Invasive mold infections (IMI) are among the most devastating complications following chemotherapy and hematopoietic stem cell transplantation (HSCT), with high mortality rates. Yet, the molecular basis for human susceptibility to invasive aspergillosis (IA) and mucormycosis remain poorly understood. Herein, we aimed to characterize the immune profile of individuals with hematological malignancies (n = 18) who developed IMI during the course of chemotherapy or HSCT, and compared it to that of hematological patients who had no...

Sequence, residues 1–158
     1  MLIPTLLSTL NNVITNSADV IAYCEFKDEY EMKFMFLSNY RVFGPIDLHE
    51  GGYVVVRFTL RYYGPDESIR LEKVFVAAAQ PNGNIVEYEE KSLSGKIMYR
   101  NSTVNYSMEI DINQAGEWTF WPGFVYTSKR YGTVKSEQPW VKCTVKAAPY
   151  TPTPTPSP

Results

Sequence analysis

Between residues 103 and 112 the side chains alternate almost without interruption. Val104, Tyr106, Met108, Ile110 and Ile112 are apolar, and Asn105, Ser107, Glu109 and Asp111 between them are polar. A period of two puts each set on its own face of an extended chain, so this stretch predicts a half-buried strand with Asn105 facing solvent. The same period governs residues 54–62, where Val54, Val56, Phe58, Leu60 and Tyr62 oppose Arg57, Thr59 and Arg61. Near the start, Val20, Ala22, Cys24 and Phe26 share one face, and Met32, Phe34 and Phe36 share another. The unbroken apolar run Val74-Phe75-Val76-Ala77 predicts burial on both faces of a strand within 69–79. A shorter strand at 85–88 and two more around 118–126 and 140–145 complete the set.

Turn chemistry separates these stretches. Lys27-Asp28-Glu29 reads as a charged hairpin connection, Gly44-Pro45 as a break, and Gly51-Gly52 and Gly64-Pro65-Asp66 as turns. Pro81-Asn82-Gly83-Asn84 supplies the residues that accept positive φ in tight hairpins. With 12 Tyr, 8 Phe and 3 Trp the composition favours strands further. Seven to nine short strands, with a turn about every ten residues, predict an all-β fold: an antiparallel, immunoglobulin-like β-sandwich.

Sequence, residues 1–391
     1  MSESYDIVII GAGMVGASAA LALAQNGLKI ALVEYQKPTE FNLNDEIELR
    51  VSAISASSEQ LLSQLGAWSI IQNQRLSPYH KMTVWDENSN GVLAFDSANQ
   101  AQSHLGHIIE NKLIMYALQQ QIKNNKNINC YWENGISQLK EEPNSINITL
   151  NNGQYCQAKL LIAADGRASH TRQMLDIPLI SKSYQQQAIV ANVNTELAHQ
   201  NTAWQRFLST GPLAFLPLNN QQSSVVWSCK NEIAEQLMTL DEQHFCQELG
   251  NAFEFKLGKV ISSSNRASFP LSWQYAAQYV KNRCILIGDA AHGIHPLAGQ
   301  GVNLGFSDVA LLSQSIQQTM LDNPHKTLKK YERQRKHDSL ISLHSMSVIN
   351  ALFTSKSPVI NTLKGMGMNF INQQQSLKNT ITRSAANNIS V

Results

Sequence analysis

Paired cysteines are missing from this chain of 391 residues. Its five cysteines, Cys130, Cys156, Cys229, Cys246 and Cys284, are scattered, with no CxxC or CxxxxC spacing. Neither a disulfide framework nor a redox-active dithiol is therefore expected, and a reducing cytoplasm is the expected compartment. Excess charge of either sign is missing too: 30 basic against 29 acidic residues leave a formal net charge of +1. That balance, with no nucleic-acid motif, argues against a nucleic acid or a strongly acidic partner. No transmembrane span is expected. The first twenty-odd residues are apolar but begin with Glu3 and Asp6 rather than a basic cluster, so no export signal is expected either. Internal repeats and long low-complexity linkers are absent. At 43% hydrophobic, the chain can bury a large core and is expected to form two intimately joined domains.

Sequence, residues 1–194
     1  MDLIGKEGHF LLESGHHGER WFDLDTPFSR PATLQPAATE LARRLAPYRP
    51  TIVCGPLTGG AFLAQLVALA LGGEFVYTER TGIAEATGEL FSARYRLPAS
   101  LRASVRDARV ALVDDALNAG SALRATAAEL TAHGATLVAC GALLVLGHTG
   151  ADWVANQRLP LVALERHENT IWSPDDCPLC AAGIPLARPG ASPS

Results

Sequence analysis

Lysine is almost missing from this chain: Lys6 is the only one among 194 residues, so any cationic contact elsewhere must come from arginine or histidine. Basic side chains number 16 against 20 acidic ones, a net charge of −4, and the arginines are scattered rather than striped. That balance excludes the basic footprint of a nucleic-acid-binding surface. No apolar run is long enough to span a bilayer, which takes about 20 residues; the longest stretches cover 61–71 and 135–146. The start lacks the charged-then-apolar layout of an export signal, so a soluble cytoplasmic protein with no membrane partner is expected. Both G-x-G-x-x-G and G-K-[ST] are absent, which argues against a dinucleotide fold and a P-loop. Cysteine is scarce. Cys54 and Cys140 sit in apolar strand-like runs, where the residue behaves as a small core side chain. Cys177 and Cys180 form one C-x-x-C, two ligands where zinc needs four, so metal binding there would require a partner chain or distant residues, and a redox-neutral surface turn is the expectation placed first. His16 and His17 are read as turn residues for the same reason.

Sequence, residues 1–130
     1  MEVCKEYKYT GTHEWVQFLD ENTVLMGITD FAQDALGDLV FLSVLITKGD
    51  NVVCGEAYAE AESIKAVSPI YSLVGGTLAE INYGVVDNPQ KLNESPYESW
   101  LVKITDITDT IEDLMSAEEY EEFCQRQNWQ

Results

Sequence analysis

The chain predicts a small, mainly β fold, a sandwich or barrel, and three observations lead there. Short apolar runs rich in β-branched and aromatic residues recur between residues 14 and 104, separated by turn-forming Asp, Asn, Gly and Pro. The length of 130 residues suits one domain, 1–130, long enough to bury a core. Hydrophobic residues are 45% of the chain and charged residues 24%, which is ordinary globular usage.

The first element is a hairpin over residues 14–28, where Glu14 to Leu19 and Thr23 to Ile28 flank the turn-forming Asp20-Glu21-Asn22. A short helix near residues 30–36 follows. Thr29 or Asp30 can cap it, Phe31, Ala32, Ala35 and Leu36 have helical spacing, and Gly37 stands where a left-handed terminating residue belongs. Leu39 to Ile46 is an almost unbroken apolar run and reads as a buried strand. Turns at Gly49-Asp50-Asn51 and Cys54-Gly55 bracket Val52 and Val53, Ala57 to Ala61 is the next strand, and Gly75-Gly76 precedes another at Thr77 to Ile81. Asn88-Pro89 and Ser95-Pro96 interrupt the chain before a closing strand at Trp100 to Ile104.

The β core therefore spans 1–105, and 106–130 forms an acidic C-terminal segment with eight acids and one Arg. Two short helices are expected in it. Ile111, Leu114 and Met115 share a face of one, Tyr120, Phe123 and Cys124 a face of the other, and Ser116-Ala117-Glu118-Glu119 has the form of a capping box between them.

Registration Year

  • 2015
    41

Resource Types

  • Dataset
    41

Affiliations

  • University of Toronto
    41
  • Royal Ontario Museum
    5
  • Aarhus University
    2
  • University College London
    2
  • University of Ottawa
    2
  • University Health Network
    2
  • Uppsala University
    2
  • CIUDAD
    1
  • Pomona College
    1
  • London School of Hygiene & Tropical Medicine
    1